It’s still a while until Windows 8 is released to the public, but that hasn’t stopped some manufacturers from releasing their own Windows machines into the wild.
The Acer Aspire S7 is one of them. And while reviewers haven’t been given too much time with the new device, there are some early thoughts published on the web that indicate just what consumers can look forward to.
Hardware and features
The Acer Aspire S7 features a 13.3-inch screen with a Gorilla 2 glass cover, although the device comes in an 11.6-inch version as well.
The device is powered by an Intel processor, either an i5 or i7 depending on the model, with up to 256GB of SSD storage, 4GB of RAM, a battery which Acer claims can last between nine to 12 hours and a 1080p screen.
The device also features HD 4000 graphics.
Connectivity includes two USB 3.0 ports, an HDMI-out port and a card reader.
What’s the consensus?
Although review products haven’t actually been sent out yet, many reviewers have had the chance to get a look at the device at IFA 2012 – and the results are mixed.
Over at TechRadar, the publication writes that Acer has managed to make a good-looking device, although it isn’t quite sure how it’ll stand up to heavy usage considering its size and make.
However, it’s definitely impressed with the manufacturing.
“Most things about this laptop scream premium; the display impresses; both models sport a Full HD 10-point touch display. Both models are 11.9mm thick, meaning they’re some of the thinnest ultra-portables on the market. The weight spec we’ve seen is 1.3kg for the 13-inch and about 1kg for the 11-inch.”
It also noted a few features – notably that Skype has its own app for the new Windows interface.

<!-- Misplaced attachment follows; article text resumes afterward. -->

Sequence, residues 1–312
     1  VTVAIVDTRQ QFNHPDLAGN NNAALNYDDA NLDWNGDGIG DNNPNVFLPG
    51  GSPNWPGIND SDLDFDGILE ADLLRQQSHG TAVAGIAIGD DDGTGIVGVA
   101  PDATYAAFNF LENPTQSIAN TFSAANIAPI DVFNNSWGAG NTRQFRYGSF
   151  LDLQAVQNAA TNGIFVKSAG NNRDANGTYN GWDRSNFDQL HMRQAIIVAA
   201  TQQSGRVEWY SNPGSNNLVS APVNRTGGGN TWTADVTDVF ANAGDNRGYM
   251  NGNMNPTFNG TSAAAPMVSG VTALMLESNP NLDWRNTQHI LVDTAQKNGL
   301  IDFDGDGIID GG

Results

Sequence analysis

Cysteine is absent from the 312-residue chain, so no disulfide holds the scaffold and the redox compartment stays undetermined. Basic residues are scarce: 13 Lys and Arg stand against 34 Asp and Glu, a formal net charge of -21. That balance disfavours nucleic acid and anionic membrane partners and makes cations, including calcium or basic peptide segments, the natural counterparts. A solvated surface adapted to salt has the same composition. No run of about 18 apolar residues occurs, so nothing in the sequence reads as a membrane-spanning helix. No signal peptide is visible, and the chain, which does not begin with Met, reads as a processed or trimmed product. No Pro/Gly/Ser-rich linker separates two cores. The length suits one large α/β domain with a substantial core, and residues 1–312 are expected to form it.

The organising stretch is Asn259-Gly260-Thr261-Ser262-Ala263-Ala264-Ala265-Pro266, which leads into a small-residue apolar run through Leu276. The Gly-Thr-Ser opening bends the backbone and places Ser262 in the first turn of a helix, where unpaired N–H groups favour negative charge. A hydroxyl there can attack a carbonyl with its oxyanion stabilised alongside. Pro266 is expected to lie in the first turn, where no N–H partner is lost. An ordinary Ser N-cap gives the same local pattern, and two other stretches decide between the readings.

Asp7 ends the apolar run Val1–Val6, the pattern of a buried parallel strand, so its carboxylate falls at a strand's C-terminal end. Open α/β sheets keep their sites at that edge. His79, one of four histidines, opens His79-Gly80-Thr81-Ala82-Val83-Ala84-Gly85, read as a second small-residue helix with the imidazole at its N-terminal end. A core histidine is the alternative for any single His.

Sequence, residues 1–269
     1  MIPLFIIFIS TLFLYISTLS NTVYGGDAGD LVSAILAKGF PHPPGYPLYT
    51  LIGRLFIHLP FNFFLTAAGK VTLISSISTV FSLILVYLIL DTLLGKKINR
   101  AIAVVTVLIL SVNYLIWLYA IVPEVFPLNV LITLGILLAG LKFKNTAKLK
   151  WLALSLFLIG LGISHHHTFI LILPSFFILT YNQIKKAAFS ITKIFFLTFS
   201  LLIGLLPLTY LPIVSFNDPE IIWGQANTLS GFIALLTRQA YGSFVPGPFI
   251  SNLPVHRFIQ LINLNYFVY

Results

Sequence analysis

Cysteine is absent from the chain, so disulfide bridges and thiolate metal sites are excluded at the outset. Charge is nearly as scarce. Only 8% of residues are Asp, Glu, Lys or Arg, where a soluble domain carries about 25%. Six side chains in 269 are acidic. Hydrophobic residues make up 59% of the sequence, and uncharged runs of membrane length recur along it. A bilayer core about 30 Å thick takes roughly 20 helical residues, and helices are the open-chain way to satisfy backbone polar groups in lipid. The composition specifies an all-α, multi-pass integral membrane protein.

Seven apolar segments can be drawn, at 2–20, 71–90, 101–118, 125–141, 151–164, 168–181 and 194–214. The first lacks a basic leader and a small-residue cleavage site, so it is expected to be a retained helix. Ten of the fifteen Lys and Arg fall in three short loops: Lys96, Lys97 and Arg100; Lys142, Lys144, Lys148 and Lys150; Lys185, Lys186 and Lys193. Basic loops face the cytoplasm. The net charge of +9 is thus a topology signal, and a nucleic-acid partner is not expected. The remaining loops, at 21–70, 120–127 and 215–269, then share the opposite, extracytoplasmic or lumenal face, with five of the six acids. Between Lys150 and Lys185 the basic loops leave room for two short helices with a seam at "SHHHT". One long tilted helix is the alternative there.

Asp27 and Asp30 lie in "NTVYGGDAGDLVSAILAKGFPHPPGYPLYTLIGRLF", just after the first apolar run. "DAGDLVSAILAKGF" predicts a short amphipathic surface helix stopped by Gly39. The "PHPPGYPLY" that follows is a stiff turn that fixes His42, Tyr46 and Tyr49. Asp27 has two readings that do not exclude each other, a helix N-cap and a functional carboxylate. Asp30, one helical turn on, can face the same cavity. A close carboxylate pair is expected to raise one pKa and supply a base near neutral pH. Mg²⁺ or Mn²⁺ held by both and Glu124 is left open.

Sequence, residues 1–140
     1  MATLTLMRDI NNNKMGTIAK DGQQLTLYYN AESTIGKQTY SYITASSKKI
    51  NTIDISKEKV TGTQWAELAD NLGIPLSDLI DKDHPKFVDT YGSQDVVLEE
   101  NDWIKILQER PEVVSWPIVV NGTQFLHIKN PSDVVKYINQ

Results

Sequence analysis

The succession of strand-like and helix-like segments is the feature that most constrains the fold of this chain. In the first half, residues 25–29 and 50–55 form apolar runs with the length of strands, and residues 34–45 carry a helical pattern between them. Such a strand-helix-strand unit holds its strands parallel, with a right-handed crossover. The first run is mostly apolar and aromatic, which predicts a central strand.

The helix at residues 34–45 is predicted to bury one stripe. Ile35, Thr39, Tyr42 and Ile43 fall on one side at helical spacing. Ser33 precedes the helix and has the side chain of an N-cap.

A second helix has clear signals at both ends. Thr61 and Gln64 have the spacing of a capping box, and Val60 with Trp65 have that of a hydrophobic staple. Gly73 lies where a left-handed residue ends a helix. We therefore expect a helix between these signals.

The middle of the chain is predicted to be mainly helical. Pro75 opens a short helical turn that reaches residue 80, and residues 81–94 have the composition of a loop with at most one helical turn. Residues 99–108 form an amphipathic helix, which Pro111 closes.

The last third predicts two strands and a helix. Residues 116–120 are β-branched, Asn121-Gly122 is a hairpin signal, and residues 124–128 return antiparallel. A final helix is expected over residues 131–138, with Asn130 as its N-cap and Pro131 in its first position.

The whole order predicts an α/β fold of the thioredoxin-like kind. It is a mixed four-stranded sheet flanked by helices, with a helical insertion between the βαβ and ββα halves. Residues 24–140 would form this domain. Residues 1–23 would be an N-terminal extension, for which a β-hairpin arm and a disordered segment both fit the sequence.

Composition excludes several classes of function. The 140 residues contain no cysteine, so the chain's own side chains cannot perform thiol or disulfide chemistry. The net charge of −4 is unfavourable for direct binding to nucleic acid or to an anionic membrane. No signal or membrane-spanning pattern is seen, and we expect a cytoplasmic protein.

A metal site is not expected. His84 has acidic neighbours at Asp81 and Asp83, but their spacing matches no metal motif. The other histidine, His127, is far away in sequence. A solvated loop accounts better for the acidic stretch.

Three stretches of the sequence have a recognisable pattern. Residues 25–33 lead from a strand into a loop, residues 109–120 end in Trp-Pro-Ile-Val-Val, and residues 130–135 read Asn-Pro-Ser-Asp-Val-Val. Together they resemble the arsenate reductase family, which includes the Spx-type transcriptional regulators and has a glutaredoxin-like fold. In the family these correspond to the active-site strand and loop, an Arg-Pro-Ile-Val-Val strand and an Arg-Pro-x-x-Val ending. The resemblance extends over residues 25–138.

Slashgear had good things to say about the backlit keyboard, suggesting it’s a “much needed addition for the sort of market that might find the S7 appealing”.
CNET praised the display, saying “viewing angles are quite good despite all the gloss”, and noted that the size of the trackpad is also large – a good feature for any ultrabook.
Finally, Wired noted that out of all the ultrabooks seen at IFA, it was the Aspire S7 that stood out. The touchscreen in particular attracted a lot of attention – although it said that raises a few more questions of its own.
Quite odd is that it’s possible to fold the screen back 180 degrees so it lays as flat on a surface as the keyboard. There’s a fair bit of flex in that screen too, in part thanks to its thin construction. But it’s overall as sturdy as any comparable ultrabook.”
“Question is, do you want to hold your hands up to a screen to manipulate whatever it’s displaying? We found it was quite useful and fun but will no doubt result in arm ache with prolonged use.”
Who’s it for?
It’s impossible to give a full rundown on the S7 right now. But judging by the initial looks, Acer has managed to create a very high quality device. If you’re still shopping around for an ultrabook, this may be worth a look later in the year.